The Gnosis of Dolores: Westworld Finishes Season 1

A busy December has me behind schedule on this, but this weekend, I finally finished watching the first season of HBO’s WestworldThe season finale, “The Bicameral Mind”, aired on December 4th, and while it offered some answers to the show’s plot mysteries, it appropriately left its philosophical questions open. After all, if three thousand years of scholarship has produced nothing conclusive on consciousness, a certain answer may be a lot to ask of Bad Robot Productions.

Still, though, Westworld is nothing if not ambitious, and the season ultimately fused ideas from psychology, religion, and even fiction in pursuit of answers to the deep questions it raised. If the conclusions are not entirely satisfying, it is only because no answer could possibly be.

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This is obviously going to get heavily into spoilers, so I’ll put a break in early.

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Westworld, Sadism, and Humanity

HBO continues to set a high bar in its primetime drama, and the new sci-fi drama Westworld is a strong addition to their lineup this fall. With cinematic production values that match or exceed Game of Thrones, there’s no doubt that the network has made a real commitment to this reboot of a relatively obscure 1973 movie, starring, of all people, Yul Brynner.

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Please tell me nobody’s going to reboot this, too.

Westworld isn’t a sweeping epic, like Game of Thrones, but rather, a more thoughtful, existential work more in the mode of The LeftoversIt shares some common DNA with Orphan Black and Dollhouse, pushing through the boundaries of humanity in a world where technology is showing them to be soft.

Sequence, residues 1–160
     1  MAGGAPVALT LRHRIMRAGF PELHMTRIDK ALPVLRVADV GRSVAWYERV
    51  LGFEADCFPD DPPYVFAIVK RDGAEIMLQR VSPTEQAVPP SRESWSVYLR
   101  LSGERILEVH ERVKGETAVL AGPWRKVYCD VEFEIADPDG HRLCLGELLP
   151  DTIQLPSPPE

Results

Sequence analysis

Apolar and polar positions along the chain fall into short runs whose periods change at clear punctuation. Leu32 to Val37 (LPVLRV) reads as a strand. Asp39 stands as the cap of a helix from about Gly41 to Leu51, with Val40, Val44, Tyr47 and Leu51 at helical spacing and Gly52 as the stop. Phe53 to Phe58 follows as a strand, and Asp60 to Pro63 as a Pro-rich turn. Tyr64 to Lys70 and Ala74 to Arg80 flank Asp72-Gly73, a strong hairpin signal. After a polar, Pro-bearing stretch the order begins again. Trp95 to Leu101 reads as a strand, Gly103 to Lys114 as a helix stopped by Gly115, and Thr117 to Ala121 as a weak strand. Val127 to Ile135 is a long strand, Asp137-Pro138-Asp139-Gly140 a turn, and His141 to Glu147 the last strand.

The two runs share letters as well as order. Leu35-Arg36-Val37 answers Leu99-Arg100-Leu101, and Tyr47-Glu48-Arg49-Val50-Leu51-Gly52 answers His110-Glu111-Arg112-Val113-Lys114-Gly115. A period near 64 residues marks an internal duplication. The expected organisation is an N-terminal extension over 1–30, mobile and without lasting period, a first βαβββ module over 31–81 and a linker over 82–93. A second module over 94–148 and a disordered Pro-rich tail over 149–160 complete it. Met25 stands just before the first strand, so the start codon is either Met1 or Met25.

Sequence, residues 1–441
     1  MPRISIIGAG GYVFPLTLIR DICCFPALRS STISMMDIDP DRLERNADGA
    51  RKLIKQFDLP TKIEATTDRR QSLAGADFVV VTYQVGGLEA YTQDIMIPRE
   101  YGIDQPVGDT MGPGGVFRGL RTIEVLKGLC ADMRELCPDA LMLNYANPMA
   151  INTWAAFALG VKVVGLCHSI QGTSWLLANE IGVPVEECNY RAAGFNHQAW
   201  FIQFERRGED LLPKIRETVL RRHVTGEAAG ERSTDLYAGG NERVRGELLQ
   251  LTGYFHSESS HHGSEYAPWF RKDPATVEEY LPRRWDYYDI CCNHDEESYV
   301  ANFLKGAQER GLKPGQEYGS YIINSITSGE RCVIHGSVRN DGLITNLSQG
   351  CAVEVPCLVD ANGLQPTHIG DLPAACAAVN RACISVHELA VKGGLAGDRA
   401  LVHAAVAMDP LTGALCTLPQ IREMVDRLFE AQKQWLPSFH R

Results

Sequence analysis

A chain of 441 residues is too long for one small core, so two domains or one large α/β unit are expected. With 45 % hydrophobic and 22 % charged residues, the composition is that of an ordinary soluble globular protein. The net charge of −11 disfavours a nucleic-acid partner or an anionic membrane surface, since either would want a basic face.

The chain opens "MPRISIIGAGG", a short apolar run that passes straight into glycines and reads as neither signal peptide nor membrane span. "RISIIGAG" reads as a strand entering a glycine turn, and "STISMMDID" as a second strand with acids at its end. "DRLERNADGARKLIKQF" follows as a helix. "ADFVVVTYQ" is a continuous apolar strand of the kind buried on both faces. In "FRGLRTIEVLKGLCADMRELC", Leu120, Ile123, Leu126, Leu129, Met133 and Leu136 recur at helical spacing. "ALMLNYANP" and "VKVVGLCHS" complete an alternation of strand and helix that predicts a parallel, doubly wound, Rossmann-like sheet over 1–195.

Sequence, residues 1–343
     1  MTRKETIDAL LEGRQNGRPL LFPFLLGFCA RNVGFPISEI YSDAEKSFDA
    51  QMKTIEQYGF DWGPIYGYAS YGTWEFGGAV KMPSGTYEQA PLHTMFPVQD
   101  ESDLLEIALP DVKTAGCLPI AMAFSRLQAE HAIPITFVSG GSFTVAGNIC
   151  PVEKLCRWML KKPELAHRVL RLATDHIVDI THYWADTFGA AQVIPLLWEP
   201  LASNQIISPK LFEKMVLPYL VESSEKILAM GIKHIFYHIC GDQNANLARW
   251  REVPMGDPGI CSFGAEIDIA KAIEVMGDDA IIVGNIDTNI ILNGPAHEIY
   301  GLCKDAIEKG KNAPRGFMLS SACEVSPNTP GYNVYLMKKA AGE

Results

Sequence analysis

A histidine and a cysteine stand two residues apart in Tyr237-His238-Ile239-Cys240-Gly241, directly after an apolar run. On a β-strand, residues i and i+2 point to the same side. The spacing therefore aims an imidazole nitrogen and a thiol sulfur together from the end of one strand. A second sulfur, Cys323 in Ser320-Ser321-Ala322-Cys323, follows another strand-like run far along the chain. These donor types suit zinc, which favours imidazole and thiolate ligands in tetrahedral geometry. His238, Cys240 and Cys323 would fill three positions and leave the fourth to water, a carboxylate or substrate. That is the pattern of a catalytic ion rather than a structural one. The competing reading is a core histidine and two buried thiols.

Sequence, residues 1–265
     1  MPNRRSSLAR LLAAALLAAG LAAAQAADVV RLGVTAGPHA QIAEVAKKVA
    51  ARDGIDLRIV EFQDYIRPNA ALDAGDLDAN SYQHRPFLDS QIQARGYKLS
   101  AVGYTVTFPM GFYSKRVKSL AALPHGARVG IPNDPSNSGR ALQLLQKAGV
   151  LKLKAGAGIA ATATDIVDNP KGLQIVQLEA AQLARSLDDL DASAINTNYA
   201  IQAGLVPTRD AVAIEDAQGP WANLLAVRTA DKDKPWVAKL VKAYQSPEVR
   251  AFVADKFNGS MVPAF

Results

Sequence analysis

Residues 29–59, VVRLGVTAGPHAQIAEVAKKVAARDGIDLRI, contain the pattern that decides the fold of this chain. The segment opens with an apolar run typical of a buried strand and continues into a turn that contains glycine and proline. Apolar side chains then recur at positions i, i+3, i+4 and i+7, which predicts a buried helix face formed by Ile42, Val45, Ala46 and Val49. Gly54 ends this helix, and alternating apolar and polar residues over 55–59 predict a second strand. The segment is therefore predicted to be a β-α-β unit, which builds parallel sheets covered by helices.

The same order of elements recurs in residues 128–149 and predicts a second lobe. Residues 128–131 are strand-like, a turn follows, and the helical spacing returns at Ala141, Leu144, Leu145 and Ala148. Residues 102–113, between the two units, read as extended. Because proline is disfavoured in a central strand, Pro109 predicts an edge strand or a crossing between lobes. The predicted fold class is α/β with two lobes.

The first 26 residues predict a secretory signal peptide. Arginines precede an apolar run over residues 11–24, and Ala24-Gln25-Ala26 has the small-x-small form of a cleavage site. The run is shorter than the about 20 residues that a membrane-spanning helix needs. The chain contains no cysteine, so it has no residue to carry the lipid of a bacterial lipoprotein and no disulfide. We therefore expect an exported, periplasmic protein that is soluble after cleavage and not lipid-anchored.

Orphan Black‘s clones challenge a basic sense of human autonomy: Sarah and her sestras were made in a lab, from their carefully-coded DNA on out. They are copyrighted and patented intellectual property, reproducible by their owner. Their rebellion over the course of the series is, in part, about taking back self-ownership. Dollhouse was the converse: its featured technology did not create new bodies, but customized the minds and personalities of the individuals in its clutches. While the clones seek to reclaim their engineered bodies for their individual minds, the dolls of Dollhouse seek to regain ownership of their engineered minds.

Westworld, essentially, does both: its robotic characters have artificial minds in artificial bodies, beyond the fractured humanity of its predecessors. What self can there be under such circumstances? And how can the viewers navigate these uncanny representations of humanity?

Westworld.jpgTrigger warnings for rape and rape culture below, as well as spoilers.

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